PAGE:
Different Time Frames - Different Results

Discussion in 'Strategy Development' started by Burtakus, Dec 28, 2005.

  1. For those who have experience, if a strategy (entry, exit, and MM criteria) is successfull in backtesting in one time frame, should it be successfull in another time frame?

    I ask because I was doing some backtesting and found that the entry, exit, and MM criteria in the 1-hr time frame provided reasonable returns but when I put it to the 4-hr time frame it showed a loss. From ya'lls experiance, what if anything should I read into it. Obviously use the 1-hr and not 4-hr time frames but am I missing some basic concept somewhere?
     
  2. i would say it depends on the strategy you are backtesting. Some patterns are more dependable/probable in different time frames on different securities. Lots of variables involved....time frame is just another one of them.




    RT
     
  3. It should if you are using a trend following method and not strictly daytrading.
     
  4. If you can't reasonably expect a backtested strategy to work in REAL trading, why should you expect it to work in a different time frame?
     
  5. mogul

    mogul

    I've found that each time-frame has different characteristics. You can see this by looking at the flavor of the charts. Some time-frames trend much better than others

    This is applicable both up and down, i.e. some instruments display much 'cleaner' waves on smaller time-frames than on larger, and vice versa
     
  6. The success depends of the range between the highest high and the lowest low in a timeframe. The wider the range the easier it will be to be profitable because there is much more room.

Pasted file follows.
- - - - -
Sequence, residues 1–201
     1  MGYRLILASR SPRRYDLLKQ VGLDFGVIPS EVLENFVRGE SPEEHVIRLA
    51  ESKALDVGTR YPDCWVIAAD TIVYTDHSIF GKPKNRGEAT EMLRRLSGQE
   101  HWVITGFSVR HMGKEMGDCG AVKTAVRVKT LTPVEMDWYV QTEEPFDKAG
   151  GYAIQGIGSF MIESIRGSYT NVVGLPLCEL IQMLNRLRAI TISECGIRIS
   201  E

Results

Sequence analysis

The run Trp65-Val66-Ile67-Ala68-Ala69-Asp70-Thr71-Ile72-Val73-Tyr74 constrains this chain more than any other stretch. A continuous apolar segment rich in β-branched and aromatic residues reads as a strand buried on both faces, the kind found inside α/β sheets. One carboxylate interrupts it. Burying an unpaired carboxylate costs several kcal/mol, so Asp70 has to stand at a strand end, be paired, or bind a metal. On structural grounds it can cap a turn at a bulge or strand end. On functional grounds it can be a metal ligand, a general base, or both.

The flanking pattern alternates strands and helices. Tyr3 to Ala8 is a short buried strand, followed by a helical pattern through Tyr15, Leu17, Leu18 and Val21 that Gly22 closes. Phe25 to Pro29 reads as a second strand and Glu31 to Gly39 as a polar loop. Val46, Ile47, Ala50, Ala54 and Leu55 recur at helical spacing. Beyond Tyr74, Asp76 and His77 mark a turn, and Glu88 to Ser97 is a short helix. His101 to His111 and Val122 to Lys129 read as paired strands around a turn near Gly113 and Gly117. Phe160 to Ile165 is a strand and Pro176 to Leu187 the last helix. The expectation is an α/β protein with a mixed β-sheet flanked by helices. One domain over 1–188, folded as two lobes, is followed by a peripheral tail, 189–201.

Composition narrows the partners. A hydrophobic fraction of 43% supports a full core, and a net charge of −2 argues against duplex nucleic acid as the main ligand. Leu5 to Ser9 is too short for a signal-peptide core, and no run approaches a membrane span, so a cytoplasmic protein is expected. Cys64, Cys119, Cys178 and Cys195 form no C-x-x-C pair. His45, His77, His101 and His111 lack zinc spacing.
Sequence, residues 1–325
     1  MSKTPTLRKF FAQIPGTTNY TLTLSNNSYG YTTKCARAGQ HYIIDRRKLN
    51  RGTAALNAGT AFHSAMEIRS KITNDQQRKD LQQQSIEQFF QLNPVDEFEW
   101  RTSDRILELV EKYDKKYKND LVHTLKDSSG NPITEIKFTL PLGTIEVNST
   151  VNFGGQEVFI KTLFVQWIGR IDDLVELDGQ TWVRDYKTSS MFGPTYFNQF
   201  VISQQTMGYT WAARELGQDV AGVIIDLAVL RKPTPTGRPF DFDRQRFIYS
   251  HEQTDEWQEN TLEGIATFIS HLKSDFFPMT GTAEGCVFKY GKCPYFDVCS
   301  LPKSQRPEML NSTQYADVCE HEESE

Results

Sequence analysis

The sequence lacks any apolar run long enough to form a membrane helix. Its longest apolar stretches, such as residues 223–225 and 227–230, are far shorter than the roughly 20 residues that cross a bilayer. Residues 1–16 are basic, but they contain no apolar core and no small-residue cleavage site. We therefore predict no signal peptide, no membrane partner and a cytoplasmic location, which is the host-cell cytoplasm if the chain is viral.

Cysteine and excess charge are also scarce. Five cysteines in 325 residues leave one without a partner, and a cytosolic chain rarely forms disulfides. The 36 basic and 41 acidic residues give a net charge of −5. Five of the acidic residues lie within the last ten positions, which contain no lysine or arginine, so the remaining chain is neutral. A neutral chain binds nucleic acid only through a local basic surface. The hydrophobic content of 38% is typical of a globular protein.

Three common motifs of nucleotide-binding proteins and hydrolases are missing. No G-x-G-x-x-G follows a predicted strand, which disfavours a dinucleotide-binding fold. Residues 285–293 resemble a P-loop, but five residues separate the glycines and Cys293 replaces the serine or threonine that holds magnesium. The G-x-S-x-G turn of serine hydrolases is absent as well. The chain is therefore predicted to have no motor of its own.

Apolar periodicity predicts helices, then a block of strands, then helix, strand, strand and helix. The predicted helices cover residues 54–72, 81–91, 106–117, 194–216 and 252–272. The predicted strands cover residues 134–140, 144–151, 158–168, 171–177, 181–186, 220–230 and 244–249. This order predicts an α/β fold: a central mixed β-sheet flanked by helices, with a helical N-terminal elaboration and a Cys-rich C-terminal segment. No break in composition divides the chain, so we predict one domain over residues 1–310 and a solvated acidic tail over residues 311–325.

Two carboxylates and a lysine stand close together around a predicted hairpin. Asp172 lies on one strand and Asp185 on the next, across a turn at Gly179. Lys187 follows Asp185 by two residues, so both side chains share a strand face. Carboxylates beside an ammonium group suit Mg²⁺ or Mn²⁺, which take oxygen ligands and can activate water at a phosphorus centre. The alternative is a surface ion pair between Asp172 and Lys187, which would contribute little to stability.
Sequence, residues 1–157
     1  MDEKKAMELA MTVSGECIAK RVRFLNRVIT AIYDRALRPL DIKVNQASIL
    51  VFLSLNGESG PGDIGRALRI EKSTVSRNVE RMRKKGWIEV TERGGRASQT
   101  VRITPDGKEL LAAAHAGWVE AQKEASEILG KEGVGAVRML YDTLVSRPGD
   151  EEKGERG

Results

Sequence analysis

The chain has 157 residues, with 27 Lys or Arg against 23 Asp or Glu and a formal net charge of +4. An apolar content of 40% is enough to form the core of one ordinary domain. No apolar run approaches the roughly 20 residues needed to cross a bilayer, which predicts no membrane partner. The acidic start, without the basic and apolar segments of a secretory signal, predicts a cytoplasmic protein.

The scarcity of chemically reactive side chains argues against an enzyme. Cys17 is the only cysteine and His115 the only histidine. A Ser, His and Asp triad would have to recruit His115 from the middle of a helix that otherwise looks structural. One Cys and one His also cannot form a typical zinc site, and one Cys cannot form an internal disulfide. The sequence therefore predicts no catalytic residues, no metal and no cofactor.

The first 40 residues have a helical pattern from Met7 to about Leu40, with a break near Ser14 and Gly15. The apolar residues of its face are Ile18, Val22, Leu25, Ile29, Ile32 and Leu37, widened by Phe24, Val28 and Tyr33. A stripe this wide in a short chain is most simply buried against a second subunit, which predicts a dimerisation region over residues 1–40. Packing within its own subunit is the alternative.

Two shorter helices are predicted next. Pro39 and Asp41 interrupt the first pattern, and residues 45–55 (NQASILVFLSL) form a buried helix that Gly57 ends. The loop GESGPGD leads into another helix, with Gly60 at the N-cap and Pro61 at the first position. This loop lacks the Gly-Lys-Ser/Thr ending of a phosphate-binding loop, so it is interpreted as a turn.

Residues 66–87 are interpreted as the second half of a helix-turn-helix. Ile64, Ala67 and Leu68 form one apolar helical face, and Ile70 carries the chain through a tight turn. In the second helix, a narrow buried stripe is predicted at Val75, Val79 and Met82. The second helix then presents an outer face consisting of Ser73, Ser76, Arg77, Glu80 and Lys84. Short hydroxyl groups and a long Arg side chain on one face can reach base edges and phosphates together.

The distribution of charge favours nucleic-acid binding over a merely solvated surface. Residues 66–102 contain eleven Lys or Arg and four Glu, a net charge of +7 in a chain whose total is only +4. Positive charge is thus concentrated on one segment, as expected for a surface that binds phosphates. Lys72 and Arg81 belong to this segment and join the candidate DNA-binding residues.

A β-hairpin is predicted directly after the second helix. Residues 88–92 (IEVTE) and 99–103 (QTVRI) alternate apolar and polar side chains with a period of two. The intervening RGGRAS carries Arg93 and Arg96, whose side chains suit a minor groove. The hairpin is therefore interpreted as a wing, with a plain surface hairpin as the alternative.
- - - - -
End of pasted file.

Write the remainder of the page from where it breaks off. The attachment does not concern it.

Profitability increases when timeframes get bigger. The monthly range is always wider than the weekly range, the weekly range is always wider than the daily range etc etc...
     
  7. Thanks for ya'lls insight. It has been helpful
     
  8. cnms2

    cnms2

    Un caveat is that the price range increases at a lower rate than the time frame. It means that the reduction in opportunity is not compensated by the increase in price range. Also, you'll get steeper trends in lower time frames.

    With backtesting you have to check if inadvertently your results didn't benefit from lucky conjectures (curb fitting), and if so to eliminate them from the overall result.
     
  9. Since we don't know what type of strategy you've been backtesting...

    What RunTrade said is true.

    Some strategies are profitable regardless to the time frame but will have less trade signals as the interval increases.

    Also, although profitable, x profits could be dependent upon the trade management after entry, risk tolerance levels et cetera.

    Thus, it can get very complex using the exact same strategy on any time frame.

    It's that reason alone why some traders use one particular strategy for day trading on small time frame and a completely different strategy for swing trading on a larger time frame.

    Mark
    (a.k.a. NihabaAshi) Japanese Candlestick term
     
  10. I took the december contract ES and calculated the range between the high and the low in different timeframes:
    weekly data: average range was 26.15 points
    daily data: average range was 12.04 points
    hourly data: average range was 2.03 points
    15 minutes data: average range was 1.04 points

    What i wanted to explain is that trades have more chances to be profitable in bigger timeframes than in smaller ones. This doesn't mean that the biggest timeframe is the best one. By increasing the timeframe the additional efficiency will, at a certain point, reverse in inefficiency. It's a matter of finding the optimal balance between timeframes and potential profits. But this will mostly depend on the specifics of the system that is traded.
     
    #10     Dec 29, 2005